Dancers from American Ballet Theatre, ABT Studio Company and the JKO School tune in for a Zoom class with Desmond Richardson.

Hannah Foster

ABT and Complexions Swap Classes and Stretch Their Comfort Zones

While American Ballet Theatre and Complexions Contemporary Ballet fall into very different size and repertoire categories, both institutions' dancers start their day with pliés and tendus—even in quarantine. A ballet class seemed like a natural connection point for a recent teacher swap initiative between the two organizations. Sascha Radetsky, artistic director of ABT Studio Company, and Desmond Richardson, Complexions co-artistic director, led the effort. "Sascha and I were colleagues at ABT and knowing his teaching ability, Dwight [Rhoden, Complexions co-artistic director] and I wanted him to share his expertise with our Summer Intensive students. In turn, I would teach the ABT Studio Company," Richardson explains.

Richardson kicked off the swap on Zoom in late July, teaching a joint class for the Studio Company, ABT company members and Jacqueline Kennedy Onassis School upper-level students. Barre began with shoulder rolls set to a light percussive track. Flexed feet and contractions that featured throughout barre would deepen into a center combination with gooey rond de jambs, piqués with sweeping V-arms, chugs, inversions and a hip thrust or two.

It was a dynamic deviation from the classical maintenance-focused classes many ABT dancers have been taking during the COVID-19 shutdown.


ABT's spring season was cancelled at the height of the pandemic in New York City, and its fall season at Lincoln Center's David H. Koch Theater, slated for October 21—November 1, has also been cancelled over future COVID-19 concerns. As for Complexions, the company's annual Joyce Theater season had its run last January and February, but its summer tours to Germany and Latvia have been postponed.

Still, spirits and relevés are high as both institutions hold summer intensives and company classes over Zoom. Radetsky saw the swap as a perfect opportunity for adapting to virtual restraints: "I had long hoped Des might teach for ABT Studio Company, but our budget rarely allows for guest teachers," he says. Former ABT principal Stella Abrera, now artistic director of Kaatsbaan and its affiliated summer intensive (and Radetsky's wife), also jumped on board. "The three of us worked out a little quid pro quo: Stella and I would each teach a class for Complexions and in exchange, Desmond would teach a class for our respective programs."

Radetsky, who taught for Complexions' summer program last week, notes that the teacher swap appealed to more than the Studio Company. "The prospect of a Desmond Richardson master class stirred so much excitement within ABT that we ultimately decided to open it up to the main company and a few of the JKO School's top students, as well," he says.

A computer screen shows a ballet class happening on Zoom, with 25 squares showing various dancers taking class in their homes.

Complexions Contemporary Ballet summer intensive students and company members in Sascha Radetsky's class.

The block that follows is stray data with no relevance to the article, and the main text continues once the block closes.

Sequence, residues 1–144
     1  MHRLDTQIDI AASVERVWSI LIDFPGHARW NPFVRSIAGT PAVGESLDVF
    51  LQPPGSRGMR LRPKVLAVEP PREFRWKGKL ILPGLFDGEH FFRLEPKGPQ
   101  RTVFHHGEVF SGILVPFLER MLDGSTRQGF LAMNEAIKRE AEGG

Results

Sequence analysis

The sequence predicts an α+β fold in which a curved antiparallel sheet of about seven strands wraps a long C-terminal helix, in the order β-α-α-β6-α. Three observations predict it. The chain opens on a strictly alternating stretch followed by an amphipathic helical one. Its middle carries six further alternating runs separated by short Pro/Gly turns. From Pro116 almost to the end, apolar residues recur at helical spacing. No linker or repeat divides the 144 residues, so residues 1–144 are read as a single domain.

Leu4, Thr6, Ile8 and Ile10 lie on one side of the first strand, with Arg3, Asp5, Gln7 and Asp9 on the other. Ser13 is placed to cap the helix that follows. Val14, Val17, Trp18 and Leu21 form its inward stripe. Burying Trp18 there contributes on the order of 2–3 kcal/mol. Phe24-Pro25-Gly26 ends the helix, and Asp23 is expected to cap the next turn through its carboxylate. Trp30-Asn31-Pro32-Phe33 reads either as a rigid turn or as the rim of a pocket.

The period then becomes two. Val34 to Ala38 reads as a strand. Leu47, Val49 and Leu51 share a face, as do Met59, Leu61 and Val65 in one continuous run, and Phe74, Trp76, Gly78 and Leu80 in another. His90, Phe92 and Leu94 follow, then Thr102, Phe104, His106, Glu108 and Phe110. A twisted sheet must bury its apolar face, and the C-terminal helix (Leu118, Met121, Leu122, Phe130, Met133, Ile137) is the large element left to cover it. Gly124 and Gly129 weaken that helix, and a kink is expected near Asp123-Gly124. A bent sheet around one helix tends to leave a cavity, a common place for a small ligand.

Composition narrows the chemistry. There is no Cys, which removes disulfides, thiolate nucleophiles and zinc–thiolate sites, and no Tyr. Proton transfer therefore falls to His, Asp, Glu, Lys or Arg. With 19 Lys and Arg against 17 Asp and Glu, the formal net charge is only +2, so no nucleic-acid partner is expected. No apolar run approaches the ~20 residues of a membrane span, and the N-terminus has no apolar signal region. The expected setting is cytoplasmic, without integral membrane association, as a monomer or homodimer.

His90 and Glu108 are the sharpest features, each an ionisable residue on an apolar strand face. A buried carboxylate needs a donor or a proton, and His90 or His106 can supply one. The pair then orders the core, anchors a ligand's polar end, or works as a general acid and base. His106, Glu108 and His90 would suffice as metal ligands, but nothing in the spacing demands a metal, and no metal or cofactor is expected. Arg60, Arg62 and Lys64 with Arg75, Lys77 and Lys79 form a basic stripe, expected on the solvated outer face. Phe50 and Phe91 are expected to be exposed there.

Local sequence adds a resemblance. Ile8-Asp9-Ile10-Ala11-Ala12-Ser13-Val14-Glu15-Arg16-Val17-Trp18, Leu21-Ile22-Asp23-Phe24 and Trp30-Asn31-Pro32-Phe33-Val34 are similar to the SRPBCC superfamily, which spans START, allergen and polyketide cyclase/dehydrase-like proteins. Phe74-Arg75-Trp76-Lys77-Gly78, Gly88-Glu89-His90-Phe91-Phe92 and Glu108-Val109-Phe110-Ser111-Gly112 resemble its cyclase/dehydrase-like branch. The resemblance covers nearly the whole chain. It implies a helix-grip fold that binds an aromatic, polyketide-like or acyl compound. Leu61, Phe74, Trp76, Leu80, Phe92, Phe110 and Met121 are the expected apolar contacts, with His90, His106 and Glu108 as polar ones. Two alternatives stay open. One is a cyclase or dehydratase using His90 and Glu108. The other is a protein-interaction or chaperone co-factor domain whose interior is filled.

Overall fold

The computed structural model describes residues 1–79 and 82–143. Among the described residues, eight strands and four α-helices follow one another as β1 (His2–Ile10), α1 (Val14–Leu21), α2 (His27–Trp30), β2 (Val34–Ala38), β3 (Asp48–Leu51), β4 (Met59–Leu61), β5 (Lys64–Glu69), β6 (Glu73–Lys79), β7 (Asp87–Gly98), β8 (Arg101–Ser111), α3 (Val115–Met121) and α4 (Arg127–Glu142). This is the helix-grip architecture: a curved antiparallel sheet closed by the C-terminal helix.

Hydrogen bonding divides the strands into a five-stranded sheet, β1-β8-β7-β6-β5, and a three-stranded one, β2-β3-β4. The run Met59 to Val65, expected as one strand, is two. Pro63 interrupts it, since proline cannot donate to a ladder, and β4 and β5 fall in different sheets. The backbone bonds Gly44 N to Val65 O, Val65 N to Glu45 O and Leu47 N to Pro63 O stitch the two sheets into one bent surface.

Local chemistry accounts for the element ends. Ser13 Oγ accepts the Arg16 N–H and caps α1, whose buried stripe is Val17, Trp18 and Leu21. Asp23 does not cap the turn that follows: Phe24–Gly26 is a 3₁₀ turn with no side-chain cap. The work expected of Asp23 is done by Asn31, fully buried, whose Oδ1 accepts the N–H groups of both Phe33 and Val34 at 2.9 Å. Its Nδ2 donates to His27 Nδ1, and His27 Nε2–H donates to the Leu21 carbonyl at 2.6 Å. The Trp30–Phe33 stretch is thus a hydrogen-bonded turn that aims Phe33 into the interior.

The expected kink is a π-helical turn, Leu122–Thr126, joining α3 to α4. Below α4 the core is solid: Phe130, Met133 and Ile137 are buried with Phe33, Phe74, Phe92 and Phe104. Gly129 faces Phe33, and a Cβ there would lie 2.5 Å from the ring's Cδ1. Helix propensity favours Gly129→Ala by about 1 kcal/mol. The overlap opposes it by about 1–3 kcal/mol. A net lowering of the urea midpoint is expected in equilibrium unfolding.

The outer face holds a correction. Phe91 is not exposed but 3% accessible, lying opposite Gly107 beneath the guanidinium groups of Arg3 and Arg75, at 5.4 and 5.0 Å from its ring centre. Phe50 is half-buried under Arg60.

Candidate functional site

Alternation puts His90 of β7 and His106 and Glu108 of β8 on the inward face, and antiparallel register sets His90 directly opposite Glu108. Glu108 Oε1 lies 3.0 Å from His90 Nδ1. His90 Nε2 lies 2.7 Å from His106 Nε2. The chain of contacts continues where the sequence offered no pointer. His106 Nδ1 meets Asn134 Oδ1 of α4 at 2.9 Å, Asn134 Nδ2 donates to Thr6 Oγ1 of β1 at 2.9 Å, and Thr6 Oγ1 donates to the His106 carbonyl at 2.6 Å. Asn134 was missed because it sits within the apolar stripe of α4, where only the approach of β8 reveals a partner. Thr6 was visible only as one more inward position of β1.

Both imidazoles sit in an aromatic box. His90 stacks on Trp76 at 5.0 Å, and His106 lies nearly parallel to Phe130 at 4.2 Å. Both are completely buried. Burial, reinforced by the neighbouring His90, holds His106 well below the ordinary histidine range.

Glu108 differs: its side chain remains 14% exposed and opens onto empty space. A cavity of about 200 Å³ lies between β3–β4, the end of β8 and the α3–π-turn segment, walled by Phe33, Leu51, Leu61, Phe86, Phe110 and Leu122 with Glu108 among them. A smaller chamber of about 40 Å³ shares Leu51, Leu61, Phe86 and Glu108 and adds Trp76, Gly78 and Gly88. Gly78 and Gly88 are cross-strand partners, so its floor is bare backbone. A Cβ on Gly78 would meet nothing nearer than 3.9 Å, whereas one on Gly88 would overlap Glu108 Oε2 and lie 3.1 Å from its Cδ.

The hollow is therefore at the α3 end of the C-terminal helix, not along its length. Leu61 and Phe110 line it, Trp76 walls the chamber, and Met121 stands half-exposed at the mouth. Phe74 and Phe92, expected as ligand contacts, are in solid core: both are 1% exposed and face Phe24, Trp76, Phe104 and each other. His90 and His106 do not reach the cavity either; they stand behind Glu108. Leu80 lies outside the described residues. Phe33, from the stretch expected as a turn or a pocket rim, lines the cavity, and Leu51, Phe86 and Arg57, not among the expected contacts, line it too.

Hannah Foster

Thus, the likes of principal dancer Devon Teuscher, corps member and Co-Lab Dance choreographer Lauren Post and rising star Catherine Hurlin appeared in little squares on the Zoom screen.

Richardson built the final combination over a few phrases like in any contemporary or modern class. He had everyone run through it together a few times before alternately spotlighting the men and women. The screen full of dancers, not exactly in sync, pushed the limits of their respective living rooms or took advantage of empty studios in their socially distanced locations.

Teuscher, who took class outside on a sunny deck, her little black-haired dog popping in and out of frame, loved getting out of her comfort zone. "Generally, the company classes are very square with a lot of focus of technique. It was a challenge to try and learn something new, let alone learn it through Zoom! Learning choreography is such a big part of a dancer's life so it reminded me that it's important to keep those brain muscles working," she says. Teuscher even found an extra benefit through the virtual format: "It was actually quite freeing to be on Zoom and not see myself or other dancers in the mirror."

Before everyone clapped their thanks and said goodbye, Richardson offered advice he hopes the dancers will carry with them in all future contemporary work. "Make sure you keep using your classicism to liberate you," he says, "I was so glad when my teachers taught me, when I was training in Vaganova style, not to lose all that I can do."

As to whether they'll ever do it again? Richardson would likely say so: "It was a brilliant happening, and we look to future collaborations."

Latest Posts


Peter Mueller, Courtesy Cincinnati Ballet

2020 Stars of the Corps: 10 Dancers Making Strides In and Out of the Spotlight

The corps de ballet make up the backbone of every company. In our Fall 2020 issue, we highlighted 10 ensemble standouts to keep your eye on. Click on their names to learn more!